Referring now to FIGS. 8, 8 a, 9 and 10 a, the substantially cylindrical secondary spigot (96) of each interface (90) of the various tool heads (40, 42) comprises two diametrically opposed rebates or recesses (239) radially formed within the wall of the spigot (96). The inner surface of theses rebates (239) whilst remaining curved, are significantly flatter than the circular outer wall (241) as best seen in FIG. 8a showing a cross-section through lines 88 of FIG. 8. These surfaces (240) have a very large effective radius, significantly greater than the radius of the spigot (96). In addition, the rebates (239) have, a shoulder formed by a flat surface (247) which flats extend substantially parallel with the axis of the spigot (92), as best shown in FIGS. 8 and 8a.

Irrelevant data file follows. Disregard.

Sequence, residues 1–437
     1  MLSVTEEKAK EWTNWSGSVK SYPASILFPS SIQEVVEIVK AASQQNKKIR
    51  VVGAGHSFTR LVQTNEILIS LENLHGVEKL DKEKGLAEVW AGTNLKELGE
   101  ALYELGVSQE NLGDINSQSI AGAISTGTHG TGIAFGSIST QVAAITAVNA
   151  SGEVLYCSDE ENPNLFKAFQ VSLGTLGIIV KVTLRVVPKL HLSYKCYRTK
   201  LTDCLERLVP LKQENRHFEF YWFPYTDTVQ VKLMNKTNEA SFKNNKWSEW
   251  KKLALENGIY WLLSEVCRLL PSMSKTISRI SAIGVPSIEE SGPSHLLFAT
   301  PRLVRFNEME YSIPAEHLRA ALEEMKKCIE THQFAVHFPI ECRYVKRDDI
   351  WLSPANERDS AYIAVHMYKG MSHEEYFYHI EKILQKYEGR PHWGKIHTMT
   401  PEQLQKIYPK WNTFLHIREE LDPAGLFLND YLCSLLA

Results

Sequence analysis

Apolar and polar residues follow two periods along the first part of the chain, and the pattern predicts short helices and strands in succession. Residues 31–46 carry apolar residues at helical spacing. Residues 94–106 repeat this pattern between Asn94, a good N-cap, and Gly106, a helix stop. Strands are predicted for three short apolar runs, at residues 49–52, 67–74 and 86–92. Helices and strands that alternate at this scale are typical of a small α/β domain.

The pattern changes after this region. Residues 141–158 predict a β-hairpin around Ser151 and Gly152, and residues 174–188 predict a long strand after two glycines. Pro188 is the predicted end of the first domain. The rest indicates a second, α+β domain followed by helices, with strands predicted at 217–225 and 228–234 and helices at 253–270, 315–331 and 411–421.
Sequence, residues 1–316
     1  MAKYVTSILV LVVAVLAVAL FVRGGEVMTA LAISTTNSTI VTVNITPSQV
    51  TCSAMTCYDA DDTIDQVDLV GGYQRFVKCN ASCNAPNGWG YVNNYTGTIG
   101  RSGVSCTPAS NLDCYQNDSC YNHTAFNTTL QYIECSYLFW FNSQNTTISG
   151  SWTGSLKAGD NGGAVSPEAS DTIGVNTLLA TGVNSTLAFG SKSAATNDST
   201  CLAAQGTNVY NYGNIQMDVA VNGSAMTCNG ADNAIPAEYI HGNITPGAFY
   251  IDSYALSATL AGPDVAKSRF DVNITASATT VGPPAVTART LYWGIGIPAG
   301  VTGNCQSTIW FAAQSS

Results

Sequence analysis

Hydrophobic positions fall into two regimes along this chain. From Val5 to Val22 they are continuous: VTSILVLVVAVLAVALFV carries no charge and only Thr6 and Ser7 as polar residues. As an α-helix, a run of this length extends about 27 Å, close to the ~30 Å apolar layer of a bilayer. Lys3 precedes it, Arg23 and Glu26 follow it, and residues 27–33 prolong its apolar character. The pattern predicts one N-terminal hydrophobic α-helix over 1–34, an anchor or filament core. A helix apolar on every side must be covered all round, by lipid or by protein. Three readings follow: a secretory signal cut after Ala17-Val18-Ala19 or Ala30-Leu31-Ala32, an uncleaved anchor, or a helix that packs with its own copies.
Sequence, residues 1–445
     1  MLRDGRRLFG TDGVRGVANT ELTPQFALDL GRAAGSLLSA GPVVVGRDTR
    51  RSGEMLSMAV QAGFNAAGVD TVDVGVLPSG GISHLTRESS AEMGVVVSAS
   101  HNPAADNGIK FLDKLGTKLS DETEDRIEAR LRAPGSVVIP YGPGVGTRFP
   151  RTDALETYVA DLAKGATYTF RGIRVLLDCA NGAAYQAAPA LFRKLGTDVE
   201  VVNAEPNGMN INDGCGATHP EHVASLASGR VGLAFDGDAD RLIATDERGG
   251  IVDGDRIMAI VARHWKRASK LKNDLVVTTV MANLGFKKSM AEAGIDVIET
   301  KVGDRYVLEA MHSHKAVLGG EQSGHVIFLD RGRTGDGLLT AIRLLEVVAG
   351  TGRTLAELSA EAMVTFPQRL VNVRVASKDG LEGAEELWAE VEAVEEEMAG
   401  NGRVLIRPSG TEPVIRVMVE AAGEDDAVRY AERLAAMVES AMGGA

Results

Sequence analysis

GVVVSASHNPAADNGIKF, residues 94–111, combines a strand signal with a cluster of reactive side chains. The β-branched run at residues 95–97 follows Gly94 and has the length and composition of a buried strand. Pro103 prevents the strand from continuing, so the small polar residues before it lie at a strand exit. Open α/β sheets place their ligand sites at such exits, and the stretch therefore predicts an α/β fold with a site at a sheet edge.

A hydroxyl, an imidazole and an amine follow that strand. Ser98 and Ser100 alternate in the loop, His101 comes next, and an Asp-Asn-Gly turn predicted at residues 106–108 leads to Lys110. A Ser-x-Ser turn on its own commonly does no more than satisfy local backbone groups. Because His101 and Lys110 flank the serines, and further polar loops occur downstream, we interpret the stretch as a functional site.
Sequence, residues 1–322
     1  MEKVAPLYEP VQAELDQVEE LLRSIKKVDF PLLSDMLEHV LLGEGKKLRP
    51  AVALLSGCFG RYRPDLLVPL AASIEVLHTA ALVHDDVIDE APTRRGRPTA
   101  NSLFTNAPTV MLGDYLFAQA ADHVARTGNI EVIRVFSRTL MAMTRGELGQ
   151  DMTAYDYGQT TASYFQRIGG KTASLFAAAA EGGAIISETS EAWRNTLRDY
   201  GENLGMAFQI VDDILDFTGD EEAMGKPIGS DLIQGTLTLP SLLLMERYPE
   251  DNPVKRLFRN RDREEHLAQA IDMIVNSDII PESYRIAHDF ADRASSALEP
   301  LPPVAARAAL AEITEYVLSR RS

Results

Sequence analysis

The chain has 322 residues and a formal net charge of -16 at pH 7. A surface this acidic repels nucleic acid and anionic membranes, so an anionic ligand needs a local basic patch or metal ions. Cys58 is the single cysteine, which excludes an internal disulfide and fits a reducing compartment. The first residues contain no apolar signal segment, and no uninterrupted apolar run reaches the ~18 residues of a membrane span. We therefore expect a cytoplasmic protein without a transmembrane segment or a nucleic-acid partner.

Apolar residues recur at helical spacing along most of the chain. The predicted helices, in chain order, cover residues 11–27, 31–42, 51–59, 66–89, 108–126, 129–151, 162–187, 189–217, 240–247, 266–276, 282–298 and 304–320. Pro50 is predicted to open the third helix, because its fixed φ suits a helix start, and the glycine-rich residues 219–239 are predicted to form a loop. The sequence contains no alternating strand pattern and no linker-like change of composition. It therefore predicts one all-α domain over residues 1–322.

It will be appreciated that when the two arms (201) of the spring member (202) are held, in their rest position (defined by the width between the two inner flats (230) of the button member (208) and shown generally in FIG. 7c as the distance A), they are held at a distance substantially equal to the distance B shown in FIG. 8a between the opposed inner surfaces of the two rebates (239). In practice, once the tool head (40, 42) has been inserted into the tool body (12) the rebates (239) are in alignment between the two arms (201) of the spring member (202) so that the arms (201) engage the rebate (239) under the natural bias of the spring (202). In this position, the shoulders (211) formed in the spring member (202) engage the corresponding shoulders (243) formed in the rebate (239). Due to the significant flattening effect of the otherwise circular spigot created by these rebates, a greater surface area of the spring member (202) will engage and abut within the rebate (239) than if simply two parallel wires were to engage with a circular rebate. Significantly more contact is effected between the spring member (202) and the rebate by this current design.